Every time a rescue is adopted, its heart soars in an effort to fit in. When a person pets a dog, endorphins are excreted from their reproductive organs and the feelings they have are likened to orgasms. Nellie excitedly moved in to her new home, where, from day one, her new owner tried to crate her or force her into sitting on command. Understandably, Nellie was terrified of crates. Crates meant vans, which meant traveling, which meant dark, dank basements filled with dried, splattered blood, where death hovered in every corner. There were heavy chains to wear and studded collars, and men who kicked and cussed. Food had to be earned and if a fight was lost, food might not appear for many days. These acts of abuse had been ingrained in Nellie’s memory and it was too soon to forget so easily. In addition, Nellie refused to sit on command. Over and over the new owner tried to push Nellie down and she would spring back up to a standing position. Nellie was labeled a “misfit” and returned to the shelter.
I too had a crate in my living room, but as soon as Nellie walked in my house, she settled on to my sofa, and that became her new “crate.” She never once messed in the house, never missed a meal, ate everything in her dish, and because of being all skin and bone, could not sit on bare floor. It’s not that she refused to sit; it’s that she couldn’t. It simply hurt too much.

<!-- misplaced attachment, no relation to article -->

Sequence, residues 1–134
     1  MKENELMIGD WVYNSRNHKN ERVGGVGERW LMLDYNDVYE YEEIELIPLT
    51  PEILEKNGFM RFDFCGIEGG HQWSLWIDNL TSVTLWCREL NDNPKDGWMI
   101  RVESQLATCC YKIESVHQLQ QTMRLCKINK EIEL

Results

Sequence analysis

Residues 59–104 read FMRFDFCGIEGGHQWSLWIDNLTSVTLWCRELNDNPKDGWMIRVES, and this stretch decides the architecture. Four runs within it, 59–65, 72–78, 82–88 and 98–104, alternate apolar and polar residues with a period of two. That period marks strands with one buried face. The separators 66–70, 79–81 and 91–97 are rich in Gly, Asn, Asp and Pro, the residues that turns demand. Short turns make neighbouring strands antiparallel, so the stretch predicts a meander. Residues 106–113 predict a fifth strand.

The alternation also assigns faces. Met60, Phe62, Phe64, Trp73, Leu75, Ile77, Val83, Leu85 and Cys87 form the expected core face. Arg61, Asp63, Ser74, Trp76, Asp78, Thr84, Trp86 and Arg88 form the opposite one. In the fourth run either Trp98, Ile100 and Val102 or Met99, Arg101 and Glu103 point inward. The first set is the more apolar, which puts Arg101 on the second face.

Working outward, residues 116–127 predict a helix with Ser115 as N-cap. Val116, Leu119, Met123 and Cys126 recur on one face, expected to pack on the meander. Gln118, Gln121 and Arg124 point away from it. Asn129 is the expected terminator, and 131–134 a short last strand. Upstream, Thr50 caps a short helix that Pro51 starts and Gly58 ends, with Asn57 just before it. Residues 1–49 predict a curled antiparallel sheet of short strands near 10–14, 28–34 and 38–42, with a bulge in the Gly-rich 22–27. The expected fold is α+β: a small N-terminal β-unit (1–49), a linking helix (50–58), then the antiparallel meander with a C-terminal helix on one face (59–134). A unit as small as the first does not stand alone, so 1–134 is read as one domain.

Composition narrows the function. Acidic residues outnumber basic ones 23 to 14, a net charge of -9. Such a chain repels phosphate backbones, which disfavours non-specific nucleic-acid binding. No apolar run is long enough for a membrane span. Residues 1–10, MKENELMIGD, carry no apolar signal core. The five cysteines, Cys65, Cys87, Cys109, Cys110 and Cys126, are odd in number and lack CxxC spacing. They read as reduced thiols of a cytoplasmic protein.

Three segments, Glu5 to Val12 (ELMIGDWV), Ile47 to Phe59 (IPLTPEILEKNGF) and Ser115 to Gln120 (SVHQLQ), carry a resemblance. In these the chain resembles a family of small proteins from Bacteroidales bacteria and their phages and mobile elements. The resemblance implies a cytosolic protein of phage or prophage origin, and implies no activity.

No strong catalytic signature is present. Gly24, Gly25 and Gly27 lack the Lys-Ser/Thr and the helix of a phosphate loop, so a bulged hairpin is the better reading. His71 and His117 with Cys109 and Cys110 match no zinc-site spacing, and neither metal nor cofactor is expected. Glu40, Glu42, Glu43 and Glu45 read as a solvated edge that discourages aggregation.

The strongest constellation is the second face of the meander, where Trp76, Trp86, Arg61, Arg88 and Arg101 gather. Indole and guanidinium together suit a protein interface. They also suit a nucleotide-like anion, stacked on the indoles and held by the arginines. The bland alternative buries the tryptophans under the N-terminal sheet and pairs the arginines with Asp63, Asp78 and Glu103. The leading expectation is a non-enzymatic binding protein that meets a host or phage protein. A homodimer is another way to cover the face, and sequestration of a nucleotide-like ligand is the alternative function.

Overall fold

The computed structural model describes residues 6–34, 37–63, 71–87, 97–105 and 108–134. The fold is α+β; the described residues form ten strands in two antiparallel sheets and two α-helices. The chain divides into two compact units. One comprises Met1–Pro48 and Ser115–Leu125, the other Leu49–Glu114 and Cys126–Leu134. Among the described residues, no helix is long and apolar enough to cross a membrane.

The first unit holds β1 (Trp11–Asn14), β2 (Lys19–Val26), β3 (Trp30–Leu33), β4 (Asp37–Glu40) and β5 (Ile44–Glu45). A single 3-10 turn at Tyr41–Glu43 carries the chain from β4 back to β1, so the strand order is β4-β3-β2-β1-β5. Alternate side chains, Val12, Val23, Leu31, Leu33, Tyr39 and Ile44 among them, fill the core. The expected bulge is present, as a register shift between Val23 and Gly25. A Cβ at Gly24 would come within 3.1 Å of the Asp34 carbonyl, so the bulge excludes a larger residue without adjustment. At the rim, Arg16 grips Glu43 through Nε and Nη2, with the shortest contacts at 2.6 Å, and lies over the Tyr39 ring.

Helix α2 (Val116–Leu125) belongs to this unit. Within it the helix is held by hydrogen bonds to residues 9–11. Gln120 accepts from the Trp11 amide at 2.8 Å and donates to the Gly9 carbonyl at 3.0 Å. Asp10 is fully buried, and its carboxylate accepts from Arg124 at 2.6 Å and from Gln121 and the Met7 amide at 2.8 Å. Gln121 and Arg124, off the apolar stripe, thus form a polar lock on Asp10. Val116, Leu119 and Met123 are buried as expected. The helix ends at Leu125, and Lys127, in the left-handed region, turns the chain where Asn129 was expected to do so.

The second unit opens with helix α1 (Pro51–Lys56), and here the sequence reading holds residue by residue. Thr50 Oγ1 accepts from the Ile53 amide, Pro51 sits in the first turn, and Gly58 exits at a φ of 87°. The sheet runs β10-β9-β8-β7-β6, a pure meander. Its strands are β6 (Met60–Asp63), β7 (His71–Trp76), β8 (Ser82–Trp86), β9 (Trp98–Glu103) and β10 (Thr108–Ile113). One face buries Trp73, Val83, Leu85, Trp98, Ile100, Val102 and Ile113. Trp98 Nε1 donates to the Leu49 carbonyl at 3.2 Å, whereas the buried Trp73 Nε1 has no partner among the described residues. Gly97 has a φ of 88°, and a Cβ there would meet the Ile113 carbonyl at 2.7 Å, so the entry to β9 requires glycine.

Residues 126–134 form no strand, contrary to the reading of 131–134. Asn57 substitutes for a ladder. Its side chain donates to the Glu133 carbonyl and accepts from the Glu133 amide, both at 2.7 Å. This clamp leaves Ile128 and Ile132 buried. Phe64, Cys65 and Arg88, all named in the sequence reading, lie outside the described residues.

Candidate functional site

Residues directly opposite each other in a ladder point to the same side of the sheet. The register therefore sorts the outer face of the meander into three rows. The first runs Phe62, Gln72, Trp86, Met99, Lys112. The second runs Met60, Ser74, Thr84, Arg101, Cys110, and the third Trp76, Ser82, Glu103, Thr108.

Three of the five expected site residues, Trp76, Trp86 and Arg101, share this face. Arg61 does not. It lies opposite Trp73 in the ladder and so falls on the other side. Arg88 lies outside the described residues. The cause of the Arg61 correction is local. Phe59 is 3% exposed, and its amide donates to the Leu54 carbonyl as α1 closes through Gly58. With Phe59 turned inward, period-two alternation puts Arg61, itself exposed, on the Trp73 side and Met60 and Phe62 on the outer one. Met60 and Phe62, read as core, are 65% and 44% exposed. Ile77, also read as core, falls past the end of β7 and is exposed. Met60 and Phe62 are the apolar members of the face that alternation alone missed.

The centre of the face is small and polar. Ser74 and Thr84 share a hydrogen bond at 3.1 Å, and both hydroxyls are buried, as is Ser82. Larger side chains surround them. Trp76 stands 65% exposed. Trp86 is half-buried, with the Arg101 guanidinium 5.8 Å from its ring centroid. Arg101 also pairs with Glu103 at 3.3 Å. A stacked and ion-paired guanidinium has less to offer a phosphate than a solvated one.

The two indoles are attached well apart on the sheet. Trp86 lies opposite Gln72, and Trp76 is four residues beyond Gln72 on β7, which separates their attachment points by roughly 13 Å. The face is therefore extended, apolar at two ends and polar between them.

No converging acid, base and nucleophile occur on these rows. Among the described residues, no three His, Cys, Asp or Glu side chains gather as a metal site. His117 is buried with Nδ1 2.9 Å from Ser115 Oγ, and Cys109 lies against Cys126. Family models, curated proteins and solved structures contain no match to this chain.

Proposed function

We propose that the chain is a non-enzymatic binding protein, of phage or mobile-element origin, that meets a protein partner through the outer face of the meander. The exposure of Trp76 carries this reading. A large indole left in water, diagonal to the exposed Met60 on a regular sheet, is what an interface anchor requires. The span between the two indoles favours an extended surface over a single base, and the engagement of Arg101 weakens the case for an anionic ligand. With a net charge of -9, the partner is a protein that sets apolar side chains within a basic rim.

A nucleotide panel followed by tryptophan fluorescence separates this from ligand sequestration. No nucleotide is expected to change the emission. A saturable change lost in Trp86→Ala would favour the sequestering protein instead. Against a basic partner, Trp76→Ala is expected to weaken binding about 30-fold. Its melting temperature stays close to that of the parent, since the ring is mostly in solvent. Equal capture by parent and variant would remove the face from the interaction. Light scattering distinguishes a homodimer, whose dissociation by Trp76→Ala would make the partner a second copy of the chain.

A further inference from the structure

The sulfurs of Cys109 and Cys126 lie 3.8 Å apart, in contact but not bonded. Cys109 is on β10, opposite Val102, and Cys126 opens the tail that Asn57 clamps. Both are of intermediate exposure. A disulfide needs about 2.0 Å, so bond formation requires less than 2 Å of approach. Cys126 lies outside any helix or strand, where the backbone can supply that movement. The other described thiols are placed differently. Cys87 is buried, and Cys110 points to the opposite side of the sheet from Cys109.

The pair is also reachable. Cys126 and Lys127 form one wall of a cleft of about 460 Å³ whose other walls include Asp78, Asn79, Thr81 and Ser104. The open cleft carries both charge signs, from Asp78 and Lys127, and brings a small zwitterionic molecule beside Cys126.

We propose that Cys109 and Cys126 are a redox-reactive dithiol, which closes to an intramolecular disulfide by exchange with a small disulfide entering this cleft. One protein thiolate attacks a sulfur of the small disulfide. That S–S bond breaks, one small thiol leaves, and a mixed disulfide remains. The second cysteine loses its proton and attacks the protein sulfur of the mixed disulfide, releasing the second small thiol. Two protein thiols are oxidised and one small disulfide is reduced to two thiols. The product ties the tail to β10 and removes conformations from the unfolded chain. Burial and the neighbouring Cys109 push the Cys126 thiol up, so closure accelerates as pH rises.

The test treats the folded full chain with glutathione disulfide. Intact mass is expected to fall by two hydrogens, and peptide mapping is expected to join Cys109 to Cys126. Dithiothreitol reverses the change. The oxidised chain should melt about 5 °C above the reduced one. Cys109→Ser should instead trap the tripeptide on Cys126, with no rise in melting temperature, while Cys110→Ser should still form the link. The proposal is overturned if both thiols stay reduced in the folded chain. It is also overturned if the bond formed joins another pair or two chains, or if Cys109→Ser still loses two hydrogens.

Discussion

My young son instantly fell in love with Nellie. Kids are like that, big-hearted. He bragged to all his friends that he owned three dogs. All he had to do was croon her name, and she’d snuggle close. If he watched “Miami Vice”, so did Nellie. For hours and hours. Just so long as a meal was offered every now and then, Nellie was content to be sofa prone. Molly would hang with me. Wherever I went in the house, Molly was right behind. Rugby didn’t have a jealous bone in his body. Long ago, when my son began to walk, he’d become his protector, following him everywhere. But when Nellie tried to cuddle up to me, and Molly was present, there’d be guttural growling, and I’d have to separate, instituting an uneasy truce. I had no idea I’d created a powder keg in my home. At night, Nellie never left the couch, so there was no fighting over whom slept in our bed. Rugby slept in our son’s room, and Molly slept at my feet. But every morning, there was a crush at the door. Nellie would howl in protest and jump over Molly for first pee.